New Eden Wood Supply Agreements “fudging” the truth
Conservationists have accused the Government and the woodchipping industry of fudging the truth with the release of new Wood Supply Agreements (WSAs) for the Eden chipmill this week.
“The WSA for Eden has the misleading title: ‘Regrowth Forest and Plantation Hardwood Pulp Logs’. This is misleading and clearly aims to give the impression that native forest logging is a thing of the past,” according to conservationist, Harriett Swift, who is convener of the Chipstop Campaign.
The new WSAs guarantee at least another 15 years supply of trees to the Eden chipmill. They were finally released this week after expiring on New Years Eve. They are back dated to 6 months ago.
Ms Swift challenged the Forestry Corporation to come clean about where the hardwood “plantations” referred to in the WSA are located and how much plantation wood is available.
She said that in spite of the title, much of the wood going to the chipmill will continue to come from forests which are neither “plantation” nor young “regrowth.”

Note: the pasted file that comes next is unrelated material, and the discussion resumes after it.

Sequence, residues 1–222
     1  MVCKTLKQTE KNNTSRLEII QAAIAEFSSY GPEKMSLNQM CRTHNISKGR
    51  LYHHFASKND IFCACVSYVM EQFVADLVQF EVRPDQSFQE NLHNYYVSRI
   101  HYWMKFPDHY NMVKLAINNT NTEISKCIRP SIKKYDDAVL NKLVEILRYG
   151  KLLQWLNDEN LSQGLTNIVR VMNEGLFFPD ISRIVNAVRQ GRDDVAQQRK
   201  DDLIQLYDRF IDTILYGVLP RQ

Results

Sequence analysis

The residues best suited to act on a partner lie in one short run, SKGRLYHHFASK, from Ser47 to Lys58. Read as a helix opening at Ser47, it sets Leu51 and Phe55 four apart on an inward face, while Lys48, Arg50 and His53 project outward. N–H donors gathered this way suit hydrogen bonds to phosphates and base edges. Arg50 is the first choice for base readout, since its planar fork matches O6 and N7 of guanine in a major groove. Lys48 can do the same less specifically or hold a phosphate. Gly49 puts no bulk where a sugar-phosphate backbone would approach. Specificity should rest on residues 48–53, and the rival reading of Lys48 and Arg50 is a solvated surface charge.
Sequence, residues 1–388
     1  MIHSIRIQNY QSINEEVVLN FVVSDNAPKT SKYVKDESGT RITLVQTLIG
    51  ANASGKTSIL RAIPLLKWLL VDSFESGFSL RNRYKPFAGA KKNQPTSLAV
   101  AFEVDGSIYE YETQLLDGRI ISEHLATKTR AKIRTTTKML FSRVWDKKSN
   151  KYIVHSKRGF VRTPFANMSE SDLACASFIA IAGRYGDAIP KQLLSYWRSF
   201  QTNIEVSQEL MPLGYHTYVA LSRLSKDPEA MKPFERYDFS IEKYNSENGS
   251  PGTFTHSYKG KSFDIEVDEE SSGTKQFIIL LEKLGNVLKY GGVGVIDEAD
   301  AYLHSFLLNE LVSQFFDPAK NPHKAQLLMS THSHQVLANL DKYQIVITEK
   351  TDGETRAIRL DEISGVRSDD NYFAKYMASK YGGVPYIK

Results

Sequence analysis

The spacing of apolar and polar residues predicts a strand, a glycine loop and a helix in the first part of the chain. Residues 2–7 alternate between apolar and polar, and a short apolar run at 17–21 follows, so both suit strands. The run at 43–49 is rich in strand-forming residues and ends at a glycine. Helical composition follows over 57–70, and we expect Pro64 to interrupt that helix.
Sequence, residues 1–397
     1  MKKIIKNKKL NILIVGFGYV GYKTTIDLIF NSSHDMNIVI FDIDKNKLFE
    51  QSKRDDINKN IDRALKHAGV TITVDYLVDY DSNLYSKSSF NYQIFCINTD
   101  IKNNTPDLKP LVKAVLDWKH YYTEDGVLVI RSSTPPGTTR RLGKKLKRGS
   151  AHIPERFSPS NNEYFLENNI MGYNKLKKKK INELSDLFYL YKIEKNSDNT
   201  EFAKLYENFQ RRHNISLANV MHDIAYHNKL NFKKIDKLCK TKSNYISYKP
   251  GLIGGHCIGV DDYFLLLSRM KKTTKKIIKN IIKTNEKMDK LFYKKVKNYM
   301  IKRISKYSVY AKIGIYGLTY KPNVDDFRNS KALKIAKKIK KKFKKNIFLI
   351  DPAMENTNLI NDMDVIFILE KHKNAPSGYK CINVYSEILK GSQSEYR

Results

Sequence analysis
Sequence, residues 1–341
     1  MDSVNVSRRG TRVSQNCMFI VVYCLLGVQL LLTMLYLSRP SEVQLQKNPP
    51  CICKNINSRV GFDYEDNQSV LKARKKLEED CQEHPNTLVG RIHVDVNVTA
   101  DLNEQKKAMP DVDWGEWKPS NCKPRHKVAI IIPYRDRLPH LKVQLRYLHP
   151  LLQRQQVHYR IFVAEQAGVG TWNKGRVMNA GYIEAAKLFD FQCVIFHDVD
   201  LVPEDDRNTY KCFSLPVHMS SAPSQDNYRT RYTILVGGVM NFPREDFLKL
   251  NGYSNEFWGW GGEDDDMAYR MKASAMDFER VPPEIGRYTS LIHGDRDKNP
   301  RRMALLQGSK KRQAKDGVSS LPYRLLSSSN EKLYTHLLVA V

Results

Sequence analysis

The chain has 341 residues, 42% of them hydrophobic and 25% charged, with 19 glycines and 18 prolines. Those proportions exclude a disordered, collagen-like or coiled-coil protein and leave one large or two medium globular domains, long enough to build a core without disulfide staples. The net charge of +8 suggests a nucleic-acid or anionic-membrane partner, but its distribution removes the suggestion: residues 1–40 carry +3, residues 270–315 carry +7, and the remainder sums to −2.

“Nowhere in the 49 pages of the document is there a definition of “plantation” or “regrowth forest”.
“The document contains over 3 pages of definitions but these crucial terms are missing.”
Ms Swift said that the WSAs are designed to disguise the realities of the woodchipping industry.
“For example, the log specification appears to exclude logs over 80 cm in diameter, but if you read the fine print you will see that it is OK to split bigger logs before they are delivered to the chipmill.”
She said that the move to a new “delivered” pricing system will also help to conceal the real value that the government is putting on our forests.
“A move to a ‘delivered price’ in the Eden Region will mean that ‘stumpage’ and haulage costs are combined, so it will be harder to identify the book cost of logs.
“The new WSA signals that the industry also looks set to become a whole lot less transparent than before.
“There are clauses in the WSA (S. 34.2) requiring that certain crucial information is concealed from the public. The Government Information (Public Access) Act and Questions in Parliament are specifically cited, with penalties for anyone disclosing certain information, particularly information relating to the prices of logs and haulage.”
“The public has a right to know when their forests are being given away to woodchippers for a pittance.”
9 January 2019